UPDATE (2019-12-31): BookLiberator is changing to an all-software application.
Today's smartphones have high-resolution cameras and enough on-board processing power to handle page-dewarping and even some OCR. As handsome as the hardware you see in the photos below is, it's no longer a good solution if the goal is to turn treeware pages into digital text. So we're transitioning the BookLiberator project to be a purely software application — 100% free, libre and open source, and thus entirely under the control of the user.
(We're keeping the logo, though, for old time's sake.)
Everything below is from the old web site. We'll update it when we have news about the application.
(Yes, it's made of handsome wood.)
The BookLiberator is a simple, low-tech device for digitizing books: it enables you to easily photograph all the pages in a book, without harming the book. The resulting images are then processed with free, open source software to make user-friendly files in a variety of formats. See the wiki for more.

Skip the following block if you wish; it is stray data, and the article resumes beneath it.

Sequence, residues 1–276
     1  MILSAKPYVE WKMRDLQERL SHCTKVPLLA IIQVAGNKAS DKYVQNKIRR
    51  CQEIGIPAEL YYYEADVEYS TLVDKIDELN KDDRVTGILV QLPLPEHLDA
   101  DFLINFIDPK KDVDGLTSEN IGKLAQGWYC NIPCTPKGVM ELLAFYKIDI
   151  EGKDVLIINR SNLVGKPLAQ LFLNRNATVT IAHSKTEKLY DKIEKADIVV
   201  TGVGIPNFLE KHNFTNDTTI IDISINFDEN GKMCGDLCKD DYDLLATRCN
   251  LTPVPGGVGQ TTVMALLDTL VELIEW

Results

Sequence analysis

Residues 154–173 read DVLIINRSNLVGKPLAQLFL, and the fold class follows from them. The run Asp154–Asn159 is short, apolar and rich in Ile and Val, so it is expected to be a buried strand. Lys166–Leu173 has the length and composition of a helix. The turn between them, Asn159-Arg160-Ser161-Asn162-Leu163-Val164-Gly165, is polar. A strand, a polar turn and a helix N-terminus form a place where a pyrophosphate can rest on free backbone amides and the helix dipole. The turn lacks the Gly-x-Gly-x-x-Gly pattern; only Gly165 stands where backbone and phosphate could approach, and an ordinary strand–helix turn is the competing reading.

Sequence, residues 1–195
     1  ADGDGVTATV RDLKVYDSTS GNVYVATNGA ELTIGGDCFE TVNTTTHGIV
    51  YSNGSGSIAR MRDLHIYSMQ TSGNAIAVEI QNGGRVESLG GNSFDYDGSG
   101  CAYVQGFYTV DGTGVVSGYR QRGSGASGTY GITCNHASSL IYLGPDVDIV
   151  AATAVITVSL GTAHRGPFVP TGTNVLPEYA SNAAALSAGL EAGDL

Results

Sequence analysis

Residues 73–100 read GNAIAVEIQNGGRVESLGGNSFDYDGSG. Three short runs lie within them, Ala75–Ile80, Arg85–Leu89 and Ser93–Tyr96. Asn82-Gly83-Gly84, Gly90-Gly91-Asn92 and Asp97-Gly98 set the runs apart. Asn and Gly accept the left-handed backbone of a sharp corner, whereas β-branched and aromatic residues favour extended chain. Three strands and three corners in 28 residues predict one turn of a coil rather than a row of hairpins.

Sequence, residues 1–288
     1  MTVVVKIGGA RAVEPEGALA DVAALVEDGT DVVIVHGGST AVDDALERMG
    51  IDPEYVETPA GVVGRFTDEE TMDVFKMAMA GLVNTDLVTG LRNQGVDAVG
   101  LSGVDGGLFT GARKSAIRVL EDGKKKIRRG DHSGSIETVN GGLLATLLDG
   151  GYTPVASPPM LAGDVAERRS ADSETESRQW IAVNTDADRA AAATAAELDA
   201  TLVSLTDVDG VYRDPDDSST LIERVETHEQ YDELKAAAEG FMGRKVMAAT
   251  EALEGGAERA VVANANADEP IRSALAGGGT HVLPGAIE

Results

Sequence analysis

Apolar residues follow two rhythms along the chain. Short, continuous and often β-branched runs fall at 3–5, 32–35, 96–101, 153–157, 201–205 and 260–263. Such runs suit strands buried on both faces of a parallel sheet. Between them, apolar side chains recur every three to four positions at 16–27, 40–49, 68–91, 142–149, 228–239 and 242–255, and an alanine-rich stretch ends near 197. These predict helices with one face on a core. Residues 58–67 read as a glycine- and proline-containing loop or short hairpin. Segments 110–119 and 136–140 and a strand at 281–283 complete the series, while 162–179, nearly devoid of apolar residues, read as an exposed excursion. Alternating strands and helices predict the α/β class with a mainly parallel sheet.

Video of a BookLiberator usage demonstration, at a HOPE conference:
Beta units are for early adopters:
The BookLiberator “Beta” release is for early adopters. Its purpose is to help us field test the product before we do a much larger manufacturing run for 1.0. If you like getting in on the ground floor, and like giving feedback, then the Beta might be for you — please see the detailed description.
Our goal is for the upcoming 1.0 manufacturing run to offer a polished product that enables mass, decentralized liberation of text from the printed page, and helps people realize what's possible when everyone has control of their own copies.
BookLiberator is a project of QuestionCopyright.org: